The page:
Between his inflationary fiscal policies and his regulatory war on fossil fuels, Joe Biden’s energy policies have hit Americans hard – from the pump to the workplace to the home. It doesn’t matter if we’re talking summer or winter, Bidenomics makes it more expensive to keep yourself cool or warm or anything in between.


The numbers tell a grim tale. According to the U.S. Bureau of Labor Statistics, since Joe Biden entered office, energy costs are up 32% (see graph),  home heating oil is up 44%, gasoline is up 33%, and electricity and natural gas are both up 29%. And unlike other goods, energy is a necessity for most people. Economists would say it is “inelastic,” which means that when energy prices go up, there won’t be a drop-off in demand – people will continue to buy it.

The wealthy pay a much lower share of their income on energy than poor people. That’s why high energy prices are so insidious and really hurt the poor and those on fixed incomes.


Let’s start with keeping your house warm or cool.

Winter heating costs have increased substantially under President Biden. No matter how you heat your home – natural gas, electricity, propane, or home heating oil – you are paying anywhere from 16% to 64% more under Bidenomics.

The President loves to express solidarity with the average American struggling with inflation and tell them how hard he’s working to lower prices. Yet at the same time his administration doubles down on policies that will increase heating and cooling costs on Americans. Final regulations on, air conditioners, gas furnaces, and a proposed rule targeting water heaters will force consumers to pay more for appliances that don’t perform as well and cost more. Washington should not be in the business of telling consumers what fuels their appliances use or what features they have.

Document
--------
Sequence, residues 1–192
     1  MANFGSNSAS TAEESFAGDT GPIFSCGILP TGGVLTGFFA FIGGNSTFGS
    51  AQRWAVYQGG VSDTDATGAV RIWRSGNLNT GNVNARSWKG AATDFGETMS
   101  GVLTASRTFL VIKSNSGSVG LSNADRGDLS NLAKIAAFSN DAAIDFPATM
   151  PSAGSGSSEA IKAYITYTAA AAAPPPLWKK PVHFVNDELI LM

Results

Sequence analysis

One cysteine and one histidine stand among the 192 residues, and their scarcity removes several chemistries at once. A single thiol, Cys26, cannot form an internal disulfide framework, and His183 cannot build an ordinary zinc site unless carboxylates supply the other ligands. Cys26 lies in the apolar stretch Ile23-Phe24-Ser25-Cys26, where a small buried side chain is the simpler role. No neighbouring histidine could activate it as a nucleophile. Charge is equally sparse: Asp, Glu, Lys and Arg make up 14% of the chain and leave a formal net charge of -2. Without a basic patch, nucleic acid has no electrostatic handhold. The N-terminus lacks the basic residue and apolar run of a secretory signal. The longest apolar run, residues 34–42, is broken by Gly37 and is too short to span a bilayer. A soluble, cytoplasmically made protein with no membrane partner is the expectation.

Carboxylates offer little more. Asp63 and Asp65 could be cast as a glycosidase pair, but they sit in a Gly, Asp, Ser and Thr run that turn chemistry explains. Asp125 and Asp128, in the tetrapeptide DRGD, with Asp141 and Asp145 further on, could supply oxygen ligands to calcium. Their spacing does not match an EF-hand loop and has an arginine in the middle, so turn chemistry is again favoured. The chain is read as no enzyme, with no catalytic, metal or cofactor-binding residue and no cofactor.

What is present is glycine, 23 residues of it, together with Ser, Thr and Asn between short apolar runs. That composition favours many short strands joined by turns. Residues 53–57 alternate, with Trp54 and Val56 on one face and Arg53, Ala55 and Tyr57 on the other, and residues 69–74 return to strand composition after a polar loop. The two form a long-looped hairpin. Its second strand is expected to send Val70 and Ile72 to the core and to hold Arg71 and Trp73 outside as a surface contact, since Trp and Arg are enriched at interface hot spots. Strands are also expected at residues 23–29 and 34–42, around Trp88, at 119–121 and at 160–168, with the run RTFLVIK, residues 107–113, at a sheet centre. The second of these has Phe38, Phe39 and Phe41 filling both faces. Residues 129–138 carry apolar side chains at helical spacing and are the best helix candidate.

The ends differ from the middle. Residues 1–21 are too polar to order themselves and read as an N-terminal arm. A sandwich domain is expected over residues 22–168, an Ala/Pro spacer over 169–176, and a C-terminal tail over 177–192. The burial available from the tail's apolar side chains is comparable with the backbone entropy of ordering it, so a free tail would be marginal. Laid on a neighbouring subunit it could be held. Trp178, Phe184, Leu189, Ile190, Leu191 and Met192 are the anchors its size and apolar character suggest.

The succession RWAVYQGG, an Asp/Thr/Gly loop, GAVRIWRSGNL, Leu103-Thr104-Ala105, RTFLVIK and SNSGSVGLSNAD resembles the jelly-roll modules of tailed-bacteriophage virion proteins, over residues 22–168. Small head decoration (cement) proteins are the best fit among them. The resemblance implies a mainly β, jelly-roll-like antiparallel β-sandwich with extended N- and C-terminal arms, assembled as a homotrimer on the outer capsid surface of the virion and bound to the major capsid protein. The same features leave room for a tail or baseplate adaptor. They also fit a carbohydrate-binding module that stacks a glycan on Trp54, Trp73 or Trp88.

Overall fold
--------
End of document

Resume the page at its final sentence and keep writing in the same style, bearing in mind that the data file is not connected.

Perhaps nothing has demonstrated the folly of Bidenomics like the price of gasoline. Gasoline isn’t a luxury item for most Americans; it is a necessity. It gets them to and from work and school. It powers the equipment that enables them to earn their paycheck. And it powers the vehicles that deliver the goods Americans want. It has a ripple effect throughout the entire economy. 

According to information available from AAA, gas prices have increased significantly under President Biden. On January 21, 2021, the average price of a regular gallon of gas was $2.38. By June 14, 2022, the average price of regular unleaded gas was $5 per gallon. While that has since slid back to $3.28 per gallon as of February 19, 2024, these prices are substantially above the levels before President Biden took office.

Instead of working to bring oil and gas prices down, the President’s energy policies have one aim: to promote a climate agenda while tying our energy production to estimates of greenhouse gas emissions. 

The Biden Administration has ratcheted up regulations that impose additional costs on every part of the oil and gas supply chain, imposed a new tax on methane emissions from certain natural gas facilities, slow-rolled new oil and gas leasing on federal lands including in the Gulf of Mexico, suspended leases in the Arctic National Wildlife Refuge and New Mexico’s prolific Permian Basin, reversed Trump administration reforms to oil and gas rules, signed legislation reinstating a 28-year-old tax on crude oil imports and domestic production, delayed or revoked natural gas pipeline permits, and more.